Tag Archives: goodness

Full of Goodness

by J. Randal Matheny, editor
“I am fully convinced, dear brothers and sisters, that you are full of goodness.”
–Romans 15:14 NLT
The local news station here at my parents’ house reports the death of a child from head trauma suffered from a beating by the mother’s boyfriend.
Meanness and evil live next door to all of us, perhaps years of kidnapping and abuse, while few know or suspect. But enough of these crimes come to light to remind us of the deep perversity of mankind.
Against that dismal backdrop, the goodness of God’s people shines brightly as they imitate Christ and do the Lord’s will. Their decency contrasts with unregenerate worldliness.
Such goodness has impressed me again as I absent myself for two months from home and family in Brazil to travel across several states talking with churches, elderships and missions committees about support for our ministry. Though in these times of economic hardship it’s sometimes hard to get the foot in the door, I have been treated with kindness and generosity in every case.
Brothers and sisters in Christ have listened attentively, asked pertinent and discerning questions, given consideration to our invitation to partnership. People have opened their homes and shared their blessings. And though I’ve yet to hear a positive answer to our invitations to new contacts, since it does take time to discuss and decide, I’ve been impressed with the seriousness of the family of God and dedication to the Lord’s task.
Just last night one elder said that his congregation had full confidence in us and was committed to support, this after a lapse on my part in my communication with them.
Our new sponsoring church, Somers Avenue in North Little Rock, Ark., has gone beyond its new commitment to make every effort to expedite the transition and facilitate our work and relationship.
Invitations from churches to present our work have come from unexpected quarters, because brothers work for the sake of the gospel.
There are still miles to travel and words to speak before my task of replacing funds is complete. Moments of doubt still assail me. Loneliness haunts me, since I’ve never been gone from home for so long.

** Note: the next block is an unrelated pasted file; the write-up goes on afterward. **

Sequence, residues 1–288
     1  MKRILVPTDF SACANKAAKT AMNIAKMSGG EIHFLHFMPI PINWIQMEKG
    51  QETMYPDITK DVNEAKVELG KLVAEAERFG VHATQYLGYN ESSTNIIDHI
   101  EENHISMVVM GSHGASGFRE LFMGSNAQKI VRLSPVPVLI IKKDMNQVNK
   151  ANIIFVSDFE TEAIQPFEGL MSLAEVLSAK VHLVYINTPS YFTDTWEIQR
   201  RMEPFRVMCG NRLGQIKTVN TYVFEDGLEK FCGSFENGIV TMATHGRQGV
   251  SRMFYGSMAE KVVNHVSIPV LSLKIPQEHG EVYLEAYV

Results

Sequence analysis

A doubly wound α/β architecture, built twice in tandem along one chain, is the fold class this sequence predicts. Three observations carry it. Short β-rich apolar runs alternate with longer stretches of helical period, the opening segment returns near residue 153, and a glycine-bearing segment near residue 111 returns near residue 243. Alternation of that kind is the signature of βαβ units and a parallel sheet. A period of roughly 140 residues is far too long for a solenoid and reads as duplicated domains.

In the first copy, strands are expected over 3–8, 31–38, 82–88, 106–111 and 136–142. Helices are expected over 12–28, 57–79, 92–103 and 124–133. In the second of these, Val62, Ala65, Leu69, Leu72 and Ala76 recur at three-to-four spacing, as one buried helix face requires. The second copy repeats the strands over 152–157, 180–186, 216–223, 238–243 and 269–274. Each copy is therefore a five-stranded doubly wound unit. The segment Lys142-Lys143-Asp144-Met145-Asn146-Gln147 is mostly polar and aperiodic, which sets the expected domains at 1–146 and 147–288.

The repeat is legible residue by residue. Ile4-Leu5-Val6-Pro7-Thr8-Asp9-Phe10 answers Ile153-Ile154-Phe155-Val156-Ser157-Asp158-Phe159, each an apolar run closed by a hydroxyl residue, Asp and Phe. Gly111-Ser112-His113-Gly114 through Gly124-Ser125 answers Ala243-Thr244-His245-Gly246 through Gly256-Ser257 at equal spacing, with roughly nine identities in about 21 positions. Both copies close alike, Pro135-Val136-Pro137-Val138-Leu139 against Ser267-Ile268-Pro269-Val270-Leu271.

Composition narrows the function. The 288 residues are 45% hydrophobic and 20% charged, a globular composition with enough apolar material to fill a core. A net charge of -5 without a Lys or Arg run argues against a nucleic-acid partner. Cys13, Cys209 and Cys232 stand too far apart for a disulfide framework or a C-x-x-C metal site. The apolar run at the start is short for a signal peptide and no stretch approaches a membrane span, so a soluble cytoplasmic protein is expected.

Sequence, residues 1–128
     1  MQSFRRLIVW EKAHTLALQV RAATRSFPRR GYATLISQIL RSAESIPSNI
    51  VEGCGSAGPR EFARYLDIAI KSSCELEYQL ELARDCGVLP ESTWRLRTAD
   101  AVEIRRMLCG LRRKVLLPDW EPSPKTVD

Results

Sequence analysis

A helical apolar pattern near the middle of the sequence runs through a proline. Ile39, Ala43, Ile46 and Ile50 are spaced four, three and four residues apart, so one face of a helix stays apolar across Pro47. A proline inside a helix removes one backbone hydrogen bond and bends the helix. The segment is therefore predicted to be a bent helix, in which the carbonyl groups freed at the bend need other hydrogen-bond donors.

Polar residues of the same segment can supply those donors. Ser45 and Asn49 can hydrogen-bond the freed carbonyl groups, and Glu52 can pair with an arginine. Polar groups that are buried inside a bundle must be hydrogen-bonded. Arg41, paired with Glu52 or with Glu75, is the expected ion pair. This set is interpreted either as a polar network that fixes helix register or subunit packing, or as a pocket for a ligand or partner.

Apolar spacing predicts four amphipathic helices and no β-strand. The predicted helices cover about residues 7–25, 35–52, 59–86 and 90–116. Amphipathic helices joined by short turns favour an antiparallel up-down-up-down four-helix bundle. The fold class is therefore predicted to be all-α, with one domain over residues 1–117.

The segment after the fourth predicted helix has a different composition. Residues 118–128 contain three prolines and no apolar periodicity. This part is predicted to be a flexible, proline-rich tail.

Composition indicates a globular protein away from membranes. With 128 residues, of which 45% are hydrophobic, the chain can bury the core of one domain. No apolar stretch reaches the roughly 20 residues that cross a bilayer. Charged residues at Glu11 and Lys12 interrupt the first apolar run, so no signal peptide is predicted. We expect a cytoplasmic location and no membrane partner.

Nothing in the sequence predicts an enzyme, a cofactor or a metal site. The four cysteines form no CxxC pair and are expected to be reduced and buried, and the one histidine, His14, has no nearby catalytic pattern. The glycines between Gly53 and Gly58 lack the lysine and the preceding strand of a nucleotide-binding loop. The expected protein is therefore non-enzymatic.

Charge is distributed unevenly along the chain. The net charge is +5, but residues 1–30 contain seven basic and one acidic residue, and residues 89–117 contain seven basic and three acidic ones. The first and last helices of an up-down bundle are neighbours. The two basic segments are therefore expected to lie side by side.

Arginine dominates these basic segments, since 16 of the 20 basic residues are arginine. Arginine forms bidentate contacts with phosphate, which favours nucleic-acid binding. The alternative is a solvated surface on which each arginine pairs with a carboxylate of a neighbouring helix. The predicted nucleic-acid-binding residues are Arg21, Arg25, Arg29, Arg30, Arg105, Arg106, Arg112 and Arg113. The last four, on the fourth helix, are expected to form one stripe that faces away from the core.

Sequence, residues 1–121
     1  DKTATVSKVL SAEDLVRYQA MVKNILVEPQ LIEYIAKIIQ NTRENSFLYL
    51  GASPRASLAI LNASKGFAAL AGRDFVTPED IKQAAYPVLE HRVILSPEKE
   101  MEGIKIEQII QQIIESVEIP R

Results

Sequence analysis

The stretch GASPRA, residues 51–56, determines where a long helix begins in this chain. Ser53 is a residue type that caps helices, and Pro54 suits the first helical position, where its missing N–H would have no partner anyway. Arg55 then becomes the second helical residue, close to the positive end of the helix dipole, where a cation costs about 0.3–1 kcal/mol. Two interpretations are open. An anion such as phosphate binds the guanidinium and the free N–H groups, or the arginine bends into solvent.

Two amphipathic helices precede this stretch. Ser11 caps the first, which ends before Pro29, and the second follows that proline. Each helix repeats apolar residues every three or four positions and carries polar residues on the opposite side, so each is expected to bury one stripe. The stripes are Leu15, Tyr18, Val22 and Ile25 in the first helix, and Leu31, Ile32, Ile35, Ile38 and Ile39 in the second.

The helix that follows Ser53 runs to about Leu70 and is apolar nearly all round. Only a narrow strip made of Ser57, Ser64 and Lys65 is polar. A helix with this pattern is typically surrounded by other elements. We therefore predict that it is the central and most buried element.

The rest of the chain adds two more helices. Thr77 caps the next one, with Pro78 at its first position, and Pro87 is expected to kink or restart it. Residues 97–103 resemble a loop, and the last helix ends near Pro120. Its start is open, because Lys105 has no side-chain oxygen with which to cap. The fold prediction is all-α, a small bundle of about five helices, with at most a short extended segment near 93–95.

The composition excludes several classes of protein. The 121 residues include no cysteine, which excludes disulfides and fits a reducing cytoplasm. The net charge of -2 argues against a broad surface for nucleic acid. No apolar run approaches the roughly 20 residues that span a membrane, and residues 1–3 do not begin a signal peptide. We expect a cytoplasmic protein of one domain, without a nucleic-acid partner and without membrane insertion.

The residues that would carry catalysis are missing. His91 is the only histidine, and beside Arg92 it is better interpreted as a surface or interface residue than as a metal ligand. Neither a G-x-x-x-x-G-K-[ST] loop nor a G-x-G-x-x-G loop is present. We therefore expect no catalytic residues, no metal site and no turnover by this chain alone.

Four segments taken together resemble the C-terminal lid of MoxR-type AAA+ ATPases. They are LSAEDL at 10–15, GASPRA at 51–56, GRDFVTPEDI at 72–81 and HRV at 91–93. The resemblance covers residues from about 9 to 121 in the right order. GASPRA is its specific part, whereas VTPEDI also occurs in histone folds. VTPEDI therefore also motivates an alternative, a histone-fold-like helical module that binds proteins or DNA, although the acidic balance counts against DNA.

But the words of Psalm 59:11, read during my daily devotional before arriving in the U.S., have become my motto for this trip and continue to resound in my ears: “The God who loves me will help me.”
And that help, as often is the case, comes through the goodness of his people.
I’m fully convinced of that.

The Whipping Jesus

Everybody loves the Jesus of the wedding in Cana. What’s not to like, after all? A wedding, a party, family time, a joyous moment, saving people from embarrassment, producing something of high quality.

The story has all the elements of a warm fuzzy, the ancient equivalent of Chicken Soup for the Soul.

The very next story is a slap in the face, after the tingling feeling of the wedding. Read John 2:12-22.

Jesus fashions a whip out of some cords and drives people and animals out of the temple courts. No polite invitation to remove themselves. No attempt at reasoning. No please and thank you. No Mr. Nice Guy.

He overturns tables. He scatters coins across the stone pavement. He yells at the dove sellers to clear out.

He has likely seen this scene thrice annually since the age of 12. Now that he starts his ministry, he performs an act of judgment on Israel, a protest against impediments to worship that man called aids.

His act is moved by zeal, that white-hot passion for the things of God, his Father. A zeal that consumes and burns itself in the service of the Kingdom, for the house of the Lord. “Zeal for your house will devour me.”

But for a world gone soft on the hard-nosed realities of holiness, the whipping Jesus is politically incorrect, too brazen, too in-your-face, too mean.

The world wants to stay at the wedding.

So the Sermon on the Mount has been pressed into mealy-mouth mush.
The Way has become one of many possibilities.

The sovereign Son of God has become merely one of a number of good prophets.

The Savior for eternity has been transformed into the miracle worker for bank and body.

But Jesus inevitably enters with whip in hand, cleansing, purifying, expelling, expunging.

And either one stands with him or flees from him.

Perhaps as much as a cross, Christianity might adopt as a symbol a whip of cords.